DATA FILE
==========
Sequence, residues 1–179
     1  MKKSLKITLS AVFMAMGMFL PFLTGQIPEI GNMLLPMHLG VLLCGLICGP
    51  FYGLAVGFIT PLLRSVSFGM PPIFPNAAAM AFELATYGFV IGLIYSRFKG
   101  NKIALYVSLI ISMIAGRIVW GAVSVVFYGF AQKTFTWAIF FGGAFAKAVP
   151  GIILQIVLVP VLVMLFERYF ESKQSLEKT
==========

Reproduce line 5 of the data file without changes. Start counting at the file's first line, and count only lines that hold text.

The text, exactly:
   151  GIILQIVLVP VLVMLFERYF ESKQSLEKT